fprintf(stderr, "Couldn't set %ix%ix%i video mode: %s\n", WINWIDTH,WINHEIGHT,BPP, SDL_GetError());

        exit(1);

   }

   atexit(SDL_Quit);

   SDL_ShowCursor( SDL_DISABLE ); // The cursor is ugly :)



   /* Set up the SDL_TTF */

   TTF_Init();

      atexit(TTF_Quit);

   /* TTF_Init() is like SDL_Init(), but with no parameters.  Basically, it initializes

      SDL_TTF.  There's really not much to it.  Remember, when the program ends, we have

      to call TTF_Quit().  atexit(TTF_Quit) ensures that when we call exit(), the

      program calls TTF_Quit() for us. */

   

   exit(0);

}


This is all basic SDL. This has nothing at all to do with SDL_TTF (but it does ensure that it won't compile unless the H file is present and the libraries are there).


Now, for the fun part. The basic structure in SDL_TTF is the TTF_Font. You use this to store a font that you open (kind of like an SDL_Surface for fonts).


First, we need a font. Go to "Windows\Fonts" or wherever and grab a few fonts. I like Courier myself. I find it easier to make a "Fonts" directory and copy them there. For this article, I took
"cour.ttf" and "arial.ttf" and copied them to the "Fonts" directory.


C++\Programs\<Program Name>\


This is where all the code is.


C++\Programs\<Program Name>\Debug\


This is where the EXE is.


C++\Programs\<Program Name>\Debug\Fonts\


This is where "cour.ttf" and "arial.ttf" are.


Just like an SDL_Surface has SDL_LoadBMP(), a TTF_Font has TTF_OpenFont().




TTF_Font *font = TTF_OpenFont( <Font Filename>, <Pointsize> );


<Filename> is the filename (surprise!). To load Courier, this would be "fonts\\cour.ttf". <Pointsize> is (drum roll) the pointsize of the font. Remember, a "point" is
1/72 of an inch for some stupid reason. I'm sure this will be in no way useful, since pixels don't really have a specific size.


Like SDL_FreeSurface(), we have to free up our font when we are done with it. The function for that is TTF_CloseFont().


So, to safely make a Courier font to use, we could do this:




TTF_Font *fntCourier = TTF_OpenFont( "Fonts\\cour.ttf", 12 );

   /* We'll do something here later. */

TTF_CloseFont( fntCourier );


Yay.


Now that we have a TTF_Font*, we can actually do something with it:




/* ...(We'll do something here later.) */

SDL_Color clrFg = {0,0,255,0};  // Blue ("Fg" is foreground)

SDL_Surface *sText = TTF_RenderText_Solid( fntCourier, "Courier 12", clrFg );

   SDL_Rect rcDest = {0,0,0,0};

   SDL_BlitSurface( sText,NULL, screen,&rcDest );

SDL_FreeSurface( sText );


This prints "Courier 12" to the upper left corner of the screen. That was pretty easy.


Now, let's look at rendering:




TTF_RenderText_Solid(

   TTF_Font *font, // This is the TTF_Font to use.

   char *cstr, // This is the text to render.

   SDL_Color &clr, // This is the color to use.

);


TTF_RenderText_Solid() makes an SDL_Surface* that you can blit to the screen (or anything else). It is transparent, so that's nice.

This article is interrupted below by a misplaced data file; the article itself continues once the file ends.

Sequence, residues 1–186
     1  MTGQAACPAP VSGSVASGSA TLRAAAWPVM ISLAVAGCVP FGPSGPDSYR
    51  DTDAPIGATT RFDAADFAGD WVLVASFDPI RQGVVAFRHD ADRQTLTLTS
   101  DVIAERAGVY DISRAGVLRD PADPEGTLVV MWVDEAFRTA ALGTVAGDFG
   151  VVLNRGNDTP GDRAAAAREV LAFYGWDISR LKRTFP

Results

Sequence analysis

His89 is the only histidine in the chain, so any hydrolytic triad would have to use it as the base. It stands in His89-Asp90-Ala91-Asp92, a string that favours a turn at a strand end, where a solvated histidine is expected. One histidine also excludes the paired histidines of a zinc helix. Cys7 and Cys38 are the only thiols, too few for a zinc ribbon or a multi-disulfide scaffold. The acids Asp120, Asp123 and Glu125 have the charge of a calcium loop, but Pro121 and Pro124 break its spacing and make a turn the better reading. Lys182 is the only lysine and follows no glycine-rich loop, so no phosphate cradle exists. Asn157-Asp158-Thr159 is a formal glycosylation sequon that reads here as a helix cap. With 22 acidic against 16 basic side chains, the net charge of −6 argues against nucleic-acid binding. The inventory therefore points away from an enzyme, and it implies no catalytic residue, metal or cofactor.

Also,




TTF_RenderText_Blended(

   TTF_Font *font, // This is the TTF_Font to use.

   char *cstr, // This is the text to render.

   SDL_Color &clr, // This is the color to use.

);


TTF_RenderText_Blended() just makes it look prettier by (more or less) darkening the edges of the text. I'm pretty sure that it uses alpha blending, if you care.


And,




TTF_RenderText_Shaded(

   TTF_Font *font, // This is the TTF_Font to use.

   char *cstr, // This is the text to render.

   SDL_Color &clrFg, // Foreground color to use.

   SDL_Color &clrBg, // Background color to use.

);


TTF_RenderText_Shaded() is the only one of the three that actually puts a background in for you. The result of this looks the same as blitting "code">TTF_RenderText_Blended() onto a rectangle of color clrBg.


Very Important (Ooo, Aaa)

Before we move on, I can't bear to tolerate SDL's lack of useful functions. So, I recommend making stuff like this (and sticking it in a header somewhere).




/* Make an SDL_Rect without manually setting each value one at a time */

SDL_Rect newSDL_Rect( int xs,int ys, int dx,int dy ) {

        SDL_Rect rc;

                rc.x = xs; rc.y = ys;

                rc.w = dx; rc.h = dy;

        return( rc );

}

/* Make a new SDL_Color */

SDL_Color newSDL_Color( int r, int g, int b, int a ) {

        SDL_Color clr;

                clr.r = r;

                clr.g = g;

                clr.b = b;

                clr.unused = a;

        return( clr );

}

/* Who needs alpha anyway? */

SDL_Color newSDL_Color( int r, int g, int b ) {

        SDL_Color clr;

                clr.r = r;

                clr.g = g;

                clr.b = b;

                clr.unused = 0;

        return( clr );

}

/* operators are fun */

bool operator==(SDL_Color a, SDL_Color b) {

        return( a.r == b.r && a.g == b.g && a.b == b.b );

}

bool operator!=(SDL_Color a, SDL_Color b) {

        return( ( a.r != b.r || a.g != b.g || a.b != b.b ) );

}

/* It's faster to type this way */

int SDL_MapRGB( SDL_PixelFormat *format, SDL_Color clr ) {

        return( SDL_MapRGB( format, clr.r, clr.g, clr.b ) );

}

/* Same here */

int SDL_FillRect( SDL_Surface *dest, SDL_Rect *rc, SDL_Color &clr ) {

        if( dest == NULL ) {  return(-1);  }

        return( SDL_FillRect( dest, rc, SDL_MapRGB( dest->format, clr ) ) );

}


I feel better now.


Well, that was pretty long, but I think that it covered what it had to. The only real problem with SDL_TTF is that it can't handle more than one line of test. Next time, I'll show you a nice way
to fix this and wrap the wrapper and make a function called...<bum bum buuum>... PrintStrings().